Thoughts after the Yankees fall to .500

Embed from Getty Images

How’s everyone feeling about the Yankees this season? Great, right? Yup, feels wonderful to be 21-21 after a 16-6 start. The Yankees are in the midst of as terrible of a run as I can recall, though I’m also spoiled as a person born in 1990. It’s hard to be optimistic about the current team turning things around, by the way. Here’s what’s on my mind now that the Yankees are barely hanging on to a playoff spot.

The Yankees may need to accelerate the returns of Giancarlo Stanton, Aaron Judge, and/or Gio Urshela. There are 18 games remaining and it’s increasingly likely that the Yankees only chance at a playoff spot is the 8th seed. There are still a ton of games left against Toronto, so I suppose the Yankees could still sneak into second place division spot (currently three games back), but it’s getting more difficult to imagine that working out. So, who would have thought the Yankees would have to hold off the Orioles, Mariners, and Tigers to make the playoffs this year?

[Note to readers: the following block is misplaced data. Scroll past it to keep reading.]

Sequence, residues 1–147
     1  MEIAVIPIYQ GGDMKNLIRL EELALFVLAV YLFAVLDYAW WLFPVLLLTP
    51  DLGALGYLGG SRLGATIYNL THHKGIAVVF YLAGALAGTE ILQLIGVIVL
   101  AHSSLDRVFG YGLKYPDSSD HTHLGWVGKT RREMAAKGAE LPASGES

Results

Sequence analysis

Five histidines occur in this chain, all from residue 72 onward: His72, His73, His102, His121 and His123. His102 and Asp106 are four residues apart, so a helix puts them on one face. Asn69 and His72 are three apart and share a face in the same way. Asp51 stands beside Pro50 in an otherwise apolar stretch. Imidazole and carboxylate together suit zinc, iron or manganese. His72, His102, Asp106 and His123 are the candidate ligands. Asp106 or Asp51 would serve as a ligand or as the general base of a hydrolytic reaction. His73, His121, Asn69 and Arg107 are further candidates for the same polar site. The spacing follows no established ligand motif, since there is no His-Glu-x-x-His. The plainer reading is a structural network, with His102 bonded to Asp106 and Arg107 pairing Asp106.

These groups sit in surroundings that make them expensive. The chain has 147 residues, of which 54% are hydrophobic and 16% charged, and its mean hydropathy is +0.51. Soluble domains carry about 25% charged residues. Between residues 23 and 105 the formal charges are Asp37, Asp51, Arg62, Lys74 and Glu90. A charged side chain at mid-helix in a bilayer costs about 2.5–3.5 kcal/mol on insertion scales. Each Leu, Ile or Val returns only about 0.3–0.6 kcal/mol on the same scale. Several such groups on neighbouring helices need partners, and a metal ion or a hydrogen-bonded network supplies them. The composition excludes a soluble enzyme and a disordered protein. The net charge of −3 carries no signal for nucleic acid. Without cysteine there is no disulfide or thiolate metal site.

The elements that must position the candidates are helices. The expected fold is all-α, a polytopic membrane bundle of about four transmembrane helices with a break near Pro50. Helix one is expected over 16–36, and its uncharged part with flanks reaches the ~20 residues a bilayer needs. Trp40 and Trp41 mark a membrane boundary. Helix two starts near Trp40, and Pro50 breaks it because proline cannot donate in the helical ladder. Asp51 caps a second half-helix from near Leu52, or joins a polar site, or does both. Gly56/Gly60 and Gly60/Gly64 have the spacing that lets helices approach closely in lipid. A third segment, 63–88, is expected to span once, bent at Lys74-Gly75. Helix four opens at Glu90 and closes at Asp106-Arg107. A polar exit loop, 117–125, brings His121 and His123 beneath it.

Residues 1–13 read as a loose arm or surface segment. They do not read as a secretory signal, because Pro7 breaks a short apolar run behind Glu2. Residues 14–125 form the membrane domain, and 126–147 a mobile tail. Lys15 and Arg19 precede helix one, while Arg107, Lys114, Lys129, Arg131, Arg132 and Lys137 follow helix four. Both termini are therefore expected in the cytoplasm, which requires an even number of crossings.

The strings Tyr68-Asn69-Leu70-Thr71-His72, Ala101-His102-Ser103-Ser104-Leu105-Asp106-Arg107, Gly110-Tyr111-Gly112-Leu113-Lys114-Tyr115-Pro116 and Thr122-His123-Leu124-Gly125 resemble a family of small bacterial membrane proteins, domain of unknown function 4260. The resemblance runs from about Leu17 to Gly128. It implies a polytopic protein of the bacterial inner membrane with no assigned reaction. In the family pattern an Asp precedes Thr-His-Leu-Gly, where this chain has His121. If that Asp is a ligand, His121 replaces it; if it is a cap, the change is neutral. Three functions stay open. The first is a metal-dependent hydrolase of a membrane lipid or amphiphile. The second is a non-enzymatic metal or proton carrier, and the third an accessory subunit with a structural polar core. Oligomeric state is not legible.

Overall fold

Just incredible. And that brings me to the players on the injured list. I think Yankees (reasonably) assumed that the current roster would have no issues holding off these teams. That’s why we’ve seen patience in bringing back guys like Stanton (who’s way past his original timetable). But now we’re at the point where the team can’t be much more patient. The Yankees need the likes of Stanton, Judge, and Urshela back in this punchless lineup. This current roster *should* be able to maintain the 8th seed, but it’s officially too close for comfort.

Of course, there is the risk of aggravating an injury by bringing back a player too soon. We’ve already see that with Judge this season. That very well could happen again. That said, would you rather miss the playoffs without getting Stanton/Judge/Urshela back within the next week? Or would you rather miss the playoffs taking getting them back as soon as possible?